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Re: Compliance detection tool

From: RJack
Subject: Re: Compliance detection tool
Date: Tue, 04 May 2010 16:17:03 -0000
User-agent: Thunderbird (Windows/20100228)

Hyman Rosen wrote:
On 4/17/2010 4:58 AM, Alexander Terekhov wrote:
The US Court of Appeals, the US Court of Appeals... c'mon Hyman, face the truth: the silly opinion that you so much love is a product of a district court level judge from New Jersey who managed to deliberately misread and misapply California contract law (Diepenbrock v. Luiz, 159 Cal. 716 (1911). BTW, she is a well known
 unreasonable bitch:

"If you have the facts on your side, pound the facts.
       You don't.
If you have the law on your side, pound the law.
       You don't.
If you have neither on your side, pound the table."
       Is is your hand sore yet Hyman?

How sad for you, when bitter and hateful name-calling is all you have

The erroneous non-precedential Jacobsen decision is strictly limited
to the one past defendant in a nation of 310 million people. So...
what's your point? That legal errors propagate like rabbits?

"In Bandag, Inc. v. Al Bolser's Tire Stores, Inc., 750 F.2d 903, at 909
(Fed.Cir.1984), this court said:

Accordingly, we deem it appropriate here to decide non-patent matters in
the light of the problems faced by the district court from which each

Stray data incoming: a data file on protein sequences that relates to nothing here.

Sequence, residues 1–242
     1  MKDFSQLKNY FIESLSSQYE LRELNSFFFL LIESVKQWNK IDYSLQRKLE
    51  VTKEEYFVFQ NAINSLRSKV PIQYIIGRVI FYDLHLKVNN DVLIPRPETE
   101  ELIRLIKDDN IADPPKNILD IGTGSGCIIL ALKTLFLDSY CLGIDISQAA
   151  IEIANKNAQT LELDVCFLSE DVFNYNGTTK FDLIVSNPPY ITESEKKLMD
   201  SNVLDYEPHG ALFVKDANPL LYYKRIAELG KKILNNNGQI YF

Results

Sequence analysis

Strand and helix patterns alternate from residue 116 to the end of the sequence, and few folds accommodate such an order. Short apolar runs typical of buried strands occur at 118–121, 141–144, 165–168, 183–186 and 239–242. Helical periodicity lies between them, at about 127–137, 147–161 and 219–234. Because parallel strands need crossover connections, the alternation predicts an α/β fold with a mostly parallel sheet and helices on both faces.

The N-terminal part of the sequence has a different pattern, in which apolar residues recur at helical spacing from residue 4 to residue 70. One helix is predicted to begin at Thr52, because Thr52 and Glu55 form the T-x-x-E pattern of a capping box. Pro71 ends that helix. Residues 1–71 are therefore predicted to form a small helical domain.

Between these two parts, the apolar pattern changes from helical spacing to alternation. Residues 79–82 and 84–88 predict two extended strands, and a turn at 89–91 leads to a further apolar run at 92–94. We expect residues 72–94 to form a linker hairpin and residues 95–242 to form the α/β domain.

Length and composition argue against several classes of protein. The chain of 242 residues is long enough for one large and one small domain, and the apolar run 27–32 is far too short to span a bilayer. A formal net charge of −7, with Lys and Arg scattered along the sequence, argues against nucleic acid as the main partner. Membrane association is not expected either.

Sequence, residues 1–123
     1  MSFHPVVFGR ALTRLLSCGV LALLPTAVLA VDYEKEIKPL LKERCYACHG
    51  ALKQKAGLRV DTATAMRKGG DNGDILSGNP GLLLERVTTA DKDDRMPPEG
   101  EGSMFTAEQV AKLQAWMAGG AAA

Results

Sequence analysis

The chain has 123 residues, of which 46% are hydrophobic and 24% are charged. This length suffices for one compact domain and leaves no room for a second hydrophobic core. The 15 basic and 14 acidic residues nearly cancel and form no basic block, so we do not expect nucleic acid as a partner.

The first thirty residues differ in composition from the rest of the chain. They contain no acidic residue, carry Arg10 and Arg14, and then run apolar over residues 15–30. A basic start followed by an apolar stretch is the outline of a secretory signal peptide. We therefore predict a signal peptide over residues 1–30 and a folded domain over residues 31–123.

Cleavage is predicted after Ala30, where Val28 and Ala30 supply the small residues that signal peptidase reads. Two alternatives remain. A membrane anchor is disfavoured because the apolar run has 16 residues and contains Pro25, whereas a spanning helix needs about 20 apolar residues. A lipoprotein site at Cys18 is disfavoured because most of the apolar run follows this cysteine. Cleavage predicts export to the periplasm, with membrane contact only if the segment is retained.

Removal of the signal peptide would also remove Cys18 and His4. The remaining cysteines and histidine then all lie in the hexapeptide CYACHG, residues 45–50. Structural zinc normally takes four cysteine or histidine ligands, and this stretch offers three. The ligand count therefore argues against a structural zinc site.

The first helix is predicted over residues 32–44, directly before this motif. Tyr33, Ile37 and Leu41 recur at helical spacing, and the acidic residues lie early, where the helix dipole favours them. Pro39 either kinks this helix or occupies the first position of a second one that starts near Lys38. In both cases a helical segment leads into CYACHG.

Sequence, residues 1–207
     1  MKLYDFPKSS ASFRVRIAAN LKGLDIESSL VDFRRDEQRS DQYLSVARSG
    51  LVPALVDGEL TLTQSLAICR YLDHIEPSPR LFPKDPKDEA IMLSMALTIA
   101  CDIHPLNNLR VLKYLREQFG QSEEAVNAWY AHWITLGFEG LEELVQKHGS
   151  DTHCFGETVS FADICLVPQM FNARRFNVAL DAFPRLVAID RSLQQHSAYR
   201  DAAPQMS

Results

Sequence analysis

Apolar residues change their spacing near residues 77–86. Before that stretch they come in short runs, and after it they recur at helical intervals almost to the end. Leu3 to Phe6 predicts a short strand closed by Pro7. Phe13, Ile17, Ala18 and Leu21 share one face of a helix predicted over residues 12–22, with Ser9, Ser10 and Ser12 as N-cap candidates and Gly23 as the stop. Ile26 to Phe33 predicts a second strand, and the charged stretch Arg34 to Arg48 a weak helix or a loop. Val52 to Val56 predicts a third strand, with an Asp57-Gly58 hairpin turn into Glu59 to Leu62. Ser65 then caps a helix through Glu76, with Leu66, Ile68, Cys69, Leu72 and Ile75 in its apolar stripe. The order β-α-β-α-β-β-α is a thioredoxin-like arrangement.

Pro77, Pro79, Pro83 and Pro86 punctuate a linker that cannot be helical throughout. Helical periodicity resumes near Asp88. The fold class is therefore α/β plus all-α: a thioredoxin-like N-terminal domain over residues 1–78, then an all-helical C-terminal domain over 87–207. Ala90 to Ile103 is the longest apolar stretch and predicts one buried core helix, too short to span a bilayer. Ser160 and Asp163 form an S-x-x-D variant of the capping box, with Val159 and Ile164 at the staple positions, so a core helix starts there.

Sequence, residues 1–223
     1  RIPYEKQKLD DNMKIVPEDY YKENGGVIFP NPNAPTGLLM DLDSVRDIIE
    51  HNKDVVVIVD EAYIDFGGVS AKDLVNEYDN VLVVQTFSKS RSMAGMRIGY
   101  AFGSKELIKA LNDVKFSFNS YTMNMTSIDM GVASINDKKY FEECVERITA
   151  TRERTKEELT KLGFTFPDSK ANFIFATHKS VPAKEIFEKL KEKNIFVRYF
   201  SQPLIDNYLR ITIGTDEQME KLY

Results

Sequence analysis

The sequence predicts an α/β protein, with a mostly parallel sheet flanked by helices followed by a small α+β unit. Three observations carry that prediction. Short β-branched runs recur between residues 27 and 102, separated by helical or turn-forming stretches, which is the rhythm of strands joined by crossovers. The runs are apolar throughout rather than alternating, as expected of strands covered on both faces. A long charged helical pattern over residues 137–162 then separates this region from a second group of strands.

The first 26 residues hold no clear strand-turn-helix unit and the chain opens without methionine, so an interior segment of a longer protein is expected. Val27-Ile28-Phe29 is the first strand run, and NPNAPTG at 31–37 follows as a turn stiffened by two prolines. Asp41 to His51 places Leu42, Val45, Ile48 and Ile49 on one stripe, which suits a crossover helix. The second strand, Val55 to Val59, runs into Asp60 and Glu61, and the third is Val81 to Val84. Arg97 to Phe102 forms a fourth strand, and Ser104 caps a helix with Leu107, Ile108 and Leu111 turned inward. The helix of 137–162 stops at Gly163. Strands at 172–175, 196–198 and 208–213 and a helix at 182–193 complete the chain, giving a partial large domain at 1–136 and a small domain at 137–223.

count originated, including the law there applicable. In this manner, we
desire to avoid exacerbating  the problem of intercircuit conflicts in
non-patent areas. A district court judge should not be expected to look
over his shoulder to the law in this circuit, save as to those claims
over which our subject matter jurisdiction is exclusive.

The freedom of the district courts to follow the guidance of their
particular circuits in all but the substantive law fields assigned
exclusively to this court is recognized in the foregoing opinions and in
this case."; ATARI, INC., v. JS & A GROUP, INC., 747 F.2d 1422, 223 USPQ
1074  (Fed. Cir. 1984) (en banc).

As the Supreme Court reiterated:

"[U]nless we wish anarchy to prevail within the federal judicial
system, a precedent of this Court must be followed by the lower
federal courts no matter how misguided the judges of those courts
may think it to be."; HUTTO v. DAVIS, 454 U.S. 370 (1982).

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